Mr Li said that the AGC had recently applied to strike out parts of his own defence affidavit “with the result that they will not be considered at the trial”.

He also alleged that the AGC had “demanded that these parts be sealed in the court record, so that the public cannot know what the removed parts contain”.

“This is not an isolated incident, but part of a broader pattern of unusual conduct by the AGC. For instance, when arguing jurisdiction in the court of appeals, the AGC argued that a new piece of legislation should be retroactively applied against me.

“The court saw it as unfair for the new legislation to apply retrospectively,” he noted.

Mr Li said that he will no longer “continue to participate in the proceedings against me”, as he “will not dignify the AGC’s conduct by my participation”.

While he said that he will “continue to be active on Facebook, and will continue to regard my friends-only Facebook posts as private”, he remarked that he had removed his cousin Li Hongyi from his Facebook friends list. Li Hongyi is the son of PM Lee.

“Surreal mess” since July 2017

In 15 July 2017, Mr Li wrote in a private Facebook post that is only accessible to his connections and said that “the Singapore government is very litigious and has a pliant court system”, which he noted referred to the constraints surrounding what the media is allowed to or able to report regarding the high-profile dispute of his paternal family.

He was referring to the family dispute surrounding the 38 Oxley Road home of Li’s late grandfather and Singapore’s founding Prime Minister Mr Lee Kuan Yew, in which his father Mr Lee Hsien Yang, his aunt Dr Lee Wei Ling, and Mr Lee Hsien Loong were involved.

After his post, a relatively unknown blog posted a screenshot of his private Facebook post, which was then made viral through the SMRT Feedback by The Vigilanteh Facebook page. The blog is owned by the same entity that runs the SMRT Feedback by The Vigilanteh Facebook page.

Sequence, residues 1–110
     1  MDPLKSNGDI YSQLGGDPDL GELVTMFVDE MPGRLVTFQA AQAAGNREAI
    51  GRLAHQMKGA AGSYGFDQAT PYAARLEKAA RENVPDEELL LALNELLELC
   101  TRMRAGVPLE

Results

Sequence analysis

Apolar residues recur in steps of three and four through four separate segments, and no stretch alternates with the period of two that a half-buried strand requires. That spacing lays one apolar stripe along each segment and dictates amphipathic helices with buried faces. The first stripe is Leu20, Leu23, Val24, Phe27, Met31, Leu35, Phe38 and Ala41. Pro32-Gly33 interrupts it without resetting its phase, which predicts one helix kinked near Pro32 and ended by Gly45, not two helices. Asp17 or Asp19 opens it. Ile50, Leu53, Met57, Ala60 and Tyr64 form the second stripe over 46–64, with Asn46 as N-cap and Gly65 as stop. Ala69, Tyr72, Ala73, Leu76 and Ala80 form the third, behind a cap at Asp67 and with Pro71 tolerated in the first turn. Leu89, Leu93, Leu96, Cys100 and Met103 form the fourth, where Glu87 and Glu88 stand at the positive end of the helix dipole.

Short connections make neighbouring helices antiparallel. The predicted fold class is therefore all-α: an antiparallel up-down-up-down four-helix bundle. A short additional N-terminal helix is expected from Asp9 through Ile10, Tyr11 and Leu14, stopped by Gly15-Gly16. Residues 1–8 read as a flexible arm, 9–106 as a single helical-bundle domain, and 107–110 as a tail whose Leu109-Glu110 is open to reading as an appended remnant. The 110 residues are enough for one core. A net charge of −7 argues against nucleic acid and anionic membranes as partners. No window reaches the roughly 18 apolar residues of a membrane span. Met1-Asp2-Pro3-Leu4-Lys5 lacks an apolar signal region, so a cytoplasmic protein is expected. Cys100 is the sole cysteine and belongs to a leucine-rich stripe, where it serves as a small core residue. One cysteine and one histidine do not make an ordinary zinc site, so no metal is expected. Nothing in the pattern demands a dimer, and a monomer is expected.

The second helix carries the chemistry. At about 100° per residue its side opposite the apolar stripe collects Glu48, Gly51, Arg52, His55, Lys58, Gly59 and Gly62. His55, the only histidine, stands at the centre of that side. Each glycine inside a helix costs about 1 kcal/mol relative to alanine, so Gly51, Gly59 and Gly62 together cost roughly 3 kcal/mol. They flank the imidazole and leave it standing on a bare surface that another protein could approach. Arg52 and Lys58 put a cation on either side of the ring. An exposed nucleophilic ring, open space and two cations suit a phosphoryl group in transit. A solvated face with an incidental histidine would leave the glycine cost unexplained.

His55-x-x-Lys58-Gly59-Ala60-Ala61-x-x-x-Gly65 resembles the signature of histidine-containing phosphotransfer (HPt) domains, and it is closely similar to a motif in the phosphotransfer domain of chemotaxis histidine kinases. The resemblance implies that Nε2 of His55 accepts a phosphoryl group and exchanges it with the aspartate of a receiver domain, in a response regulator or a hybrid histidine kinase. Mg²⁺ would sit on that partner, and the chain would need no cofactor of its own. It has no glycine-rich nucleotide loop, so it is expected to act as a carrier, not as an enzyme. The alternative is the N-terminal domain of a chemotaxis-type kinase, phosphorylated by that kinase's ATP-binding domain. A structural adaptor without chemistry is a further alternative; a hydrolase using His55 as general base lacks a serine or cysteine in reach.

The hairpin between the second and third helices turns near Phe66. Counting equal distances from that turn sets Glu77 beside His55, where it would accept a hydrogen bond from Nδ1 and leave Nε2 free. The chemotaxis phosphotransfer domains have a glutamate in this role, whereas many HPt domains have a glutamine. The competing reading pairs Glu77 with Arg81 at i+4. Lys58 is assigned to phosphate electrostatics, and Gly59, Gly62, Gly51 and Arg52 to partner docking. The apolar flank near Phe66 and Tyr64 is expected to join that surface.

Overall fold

Following the shares, AGC issued a public statement to local media saying that it was looking into a Facebook post by Mr Li, in which he questioned the independence of Singapore’s courts.

On 21 July that year, AGC sent a warning letter to Mr Li claiming that he made “false and baseless allegations” about the Singapore judiciary’s purported lack of independence.

The warning letter also requested him to “purge the contempt” by deleting the post from his Facebook page and other platforms, and asked him to “issue and post prominently” on his Facebook page a written apology and undertaking drafted by the AGC.

By 4 August 2018, the AGC filed an application in the High Court to commence committal proceedings against him for contempt of court, which was permitted by Justice Kannan Ramesh.

In October, AGC then “ambushed” Mr Li with “court papers in public” whilst he was delivering a lecture in “Scott Kominers’ brilliant market design class” at Harvard University.

In Dec 2018, the law firm representing Mr Li noted that the court papers filed by the AGC exceeded 1,300 pages.

Following this, Mr Li decided to challenge the court order that enabled the AGC to serve papers on him in the United States.

Lawyers told CNA previously that presently, should Mr Li decide to not turn up in court and is found to be in contempt of the court in the hearings — regardless of his absence — he may be issued a warrant of arrest.

He may be also arrested if he decides to return to Singapore, they added.

As of yesterday (3 Jan), Mr Li’s lawyers Abraham Vergis and Asiyah Ahmad Arif of Providence Law Asia discharged themselves as his counsel in the present case.

The court will hear the AGC’s application at a later date.